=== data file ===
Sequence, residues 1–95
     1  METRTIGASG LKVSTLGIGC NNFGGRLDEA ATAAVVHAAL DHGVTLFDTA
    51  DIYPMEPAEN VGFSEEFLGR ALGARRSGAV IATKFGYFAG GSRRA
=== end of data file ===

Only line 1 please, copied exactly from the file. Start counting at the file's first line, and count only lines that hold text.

Sequence, residues 1–95